|When you click the "Buy Now" button,|
you aren't really buying an e-book.
What happens if I just want to give somebody an e-book I purchased? The technology should allow me to transfer an e-book from my Kindle to somebody else’s e-reader. So far, that is not an option. And what happens to my e-books after I die? Is it possible to pass them along to somebody?
I did some research regarding both questions and I didn’t like what I found.
The AARP did a story recently called, appropriately, “What Happens to Your E-books When You Die?” In part, the article says, “What many people don’t realize is that with most digital content, you don’t actually own the content when you buy it. Instead, your purchase simply gives you a license to use the books or music.”
The article references Amazon’s license agreement for the Kindle, which says, in part, “Kindle Content is licensed, not sold, to you by the Content Provider.” The agreement goes on to explain what that means: “Unless specifically indicated otherwise, you may not sell, rent, lease, distribute, broadcast, sublicense, or otherwise assign any rights to the Kindle Content or any portion of it to any third party.”
Finally, the article connects the dots, saying, “In short, that means Kindle content can’t be resold or left to an heir – it cannot even be given away or donated.”
By the way, this applies to the Nook (see provision number three) as well.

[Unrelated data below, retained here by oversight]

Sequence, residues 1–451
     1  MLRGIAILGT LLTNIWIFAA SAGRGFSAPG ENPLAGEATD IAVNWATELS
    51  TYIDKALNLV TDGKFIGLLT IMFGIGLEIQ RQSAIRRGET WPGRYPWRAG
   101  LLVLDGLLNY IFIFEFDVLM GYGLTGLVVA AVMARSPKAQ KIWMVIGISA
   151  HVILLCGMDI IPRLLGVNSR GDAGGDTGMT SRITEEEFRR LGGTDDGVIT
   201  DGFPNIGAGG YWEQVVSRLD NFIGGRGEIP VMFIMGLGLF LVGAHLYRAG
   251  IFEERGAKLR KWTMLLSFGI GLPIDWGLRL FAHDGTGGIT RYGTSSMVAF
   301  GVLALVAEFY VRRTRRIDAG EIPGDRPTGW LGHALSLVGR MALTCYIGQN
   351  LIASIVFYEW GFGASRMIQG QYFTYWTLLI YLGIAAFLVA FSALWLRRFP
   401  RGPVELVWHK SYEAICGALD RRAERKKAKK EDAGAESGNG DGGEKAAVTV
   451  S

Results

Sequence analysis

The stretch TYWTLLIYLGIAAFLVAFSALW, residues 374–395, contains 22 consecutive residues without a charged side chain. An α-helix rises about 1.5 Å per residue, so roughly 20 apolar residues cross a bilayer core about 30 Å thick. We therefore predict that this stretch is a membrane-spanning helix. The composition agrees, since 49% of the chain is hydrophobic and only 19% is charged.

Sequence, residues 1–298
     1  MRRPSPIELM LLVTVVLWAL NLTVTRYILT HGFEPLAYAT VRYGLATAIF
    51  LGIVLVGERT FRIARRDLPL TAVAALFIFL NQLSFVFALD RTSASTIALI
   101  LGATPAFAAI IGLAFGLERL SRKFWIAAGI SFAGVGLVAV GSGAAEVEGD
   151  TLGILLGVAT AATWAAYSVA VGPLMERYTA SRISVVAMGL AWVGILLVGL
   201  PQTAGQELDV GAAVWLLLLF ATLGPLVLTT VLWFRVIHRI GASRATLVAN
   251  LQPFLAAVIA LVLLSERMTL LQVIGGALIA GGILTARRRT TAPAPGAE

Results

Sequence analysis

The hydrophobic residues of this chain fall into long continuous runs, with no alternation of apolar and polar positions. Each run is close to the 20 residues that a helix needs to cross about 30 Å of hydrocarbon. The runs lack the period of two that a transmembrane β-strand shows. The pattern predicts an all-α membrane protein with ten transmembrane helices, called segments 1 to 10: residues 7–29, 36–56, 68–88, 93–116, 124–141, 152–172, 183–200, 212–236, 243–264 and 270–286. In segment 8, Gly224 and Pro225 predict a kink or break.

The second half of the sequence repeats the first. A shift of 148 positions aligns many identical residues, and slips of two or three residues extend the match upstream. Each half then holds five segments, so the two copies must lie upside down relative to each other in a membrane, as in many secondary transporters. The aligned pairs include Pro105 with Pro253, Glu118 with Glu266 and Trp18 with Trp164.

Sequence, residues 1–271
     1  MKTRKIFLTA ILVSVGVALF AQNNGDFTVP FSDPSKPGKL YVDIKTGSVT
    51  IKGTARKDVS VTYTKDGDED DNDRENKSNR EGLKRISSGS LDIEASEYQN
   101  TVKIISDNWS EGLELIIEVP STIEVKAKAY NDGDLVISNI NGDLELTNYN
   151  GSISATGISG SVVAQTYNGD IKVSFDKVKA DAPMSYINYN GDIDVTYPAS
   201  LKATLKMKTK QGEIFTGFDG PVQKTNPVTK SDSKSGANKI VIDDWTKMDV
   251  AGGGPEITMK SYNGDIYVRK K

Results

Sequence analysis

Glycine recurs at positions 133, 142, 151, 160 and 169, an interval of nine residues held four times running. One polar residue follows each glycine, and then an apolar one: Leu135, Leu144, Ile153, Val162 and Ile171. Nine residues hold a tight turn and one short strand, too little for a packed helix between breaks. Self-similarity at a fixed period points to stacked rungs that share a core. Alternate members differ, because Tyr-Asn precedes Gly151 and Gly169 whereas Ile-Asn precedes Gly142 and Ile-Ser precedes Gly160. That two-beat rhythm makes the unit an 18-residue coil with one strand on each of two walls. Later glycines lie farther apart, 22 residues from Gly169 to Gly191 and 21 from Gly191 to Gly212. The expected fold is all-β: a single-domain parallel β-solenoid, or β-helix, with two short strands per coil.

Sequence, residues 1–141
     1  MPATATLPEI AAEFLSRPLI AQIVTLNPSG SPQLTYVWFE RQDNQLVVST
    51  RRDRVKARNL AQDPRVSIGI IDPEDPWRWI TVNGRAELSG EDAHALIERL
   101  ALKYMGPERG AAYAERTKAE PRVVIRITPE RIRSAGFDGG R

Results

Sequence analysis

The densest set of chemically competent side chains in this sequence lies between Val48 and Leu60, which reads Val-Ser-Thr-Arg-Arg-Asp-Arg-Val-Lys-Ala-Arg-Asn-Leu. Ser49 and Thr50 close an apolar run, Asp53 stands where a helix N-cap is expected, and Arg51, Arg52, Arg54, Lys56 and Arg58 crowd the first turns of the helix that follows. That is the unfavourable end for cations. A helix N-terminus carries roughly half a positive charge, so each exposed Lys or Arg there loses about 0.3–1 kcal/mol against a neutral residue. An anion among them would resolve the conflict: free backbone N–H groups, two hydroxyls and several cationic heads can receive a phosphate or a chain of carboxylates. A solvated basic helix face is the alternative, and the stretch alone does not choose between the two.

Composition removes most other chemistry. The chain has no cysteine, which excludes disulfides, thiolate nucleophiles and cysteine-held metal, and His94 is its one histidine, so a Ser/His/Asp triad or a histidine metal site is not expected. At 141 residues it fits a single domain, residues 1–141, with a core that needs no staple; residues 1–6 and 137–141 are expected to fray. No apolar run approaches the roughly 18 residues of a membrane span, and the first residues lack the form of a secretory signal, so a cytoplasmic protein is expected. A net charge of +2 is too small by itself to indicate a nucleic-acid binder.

I know this will prompt e-book naysayers to jump in and say, “This is just another reason not to get a Nook or Kindle! Death to the e-book craze!”
First off, calm down.
Secondly, the e-book craze is here. Book publishers know it, retailers know it and authors know it. Avoiding it or pretending it doesn’t exist is naive, at best. If you are an author who submits a book proposal and then lands a contract with a royalty publisher, your book will be released in electronic form.
Thirdly, the goal of an author is to write a book that moves, motivates or informs readers. Who cares what medium they choose to read your words? The point is, they are reading your words.
Enough of that. Now back to the real topic – our current inability to pass along e-books to heirs. The problem isn’t e-books, it’s the licensing agreements. They need to be changed. Take a look at the screen capture above. It comes from a page on Amazon.com for an e-novel I am going to order. Notice that the purchase button says, “Buy now with 1-click.®”
That is completely misleading. If I click on the button, I’m not buying the book. I’m buying a lifetime rental of the book.
I do not accept that.
How about you?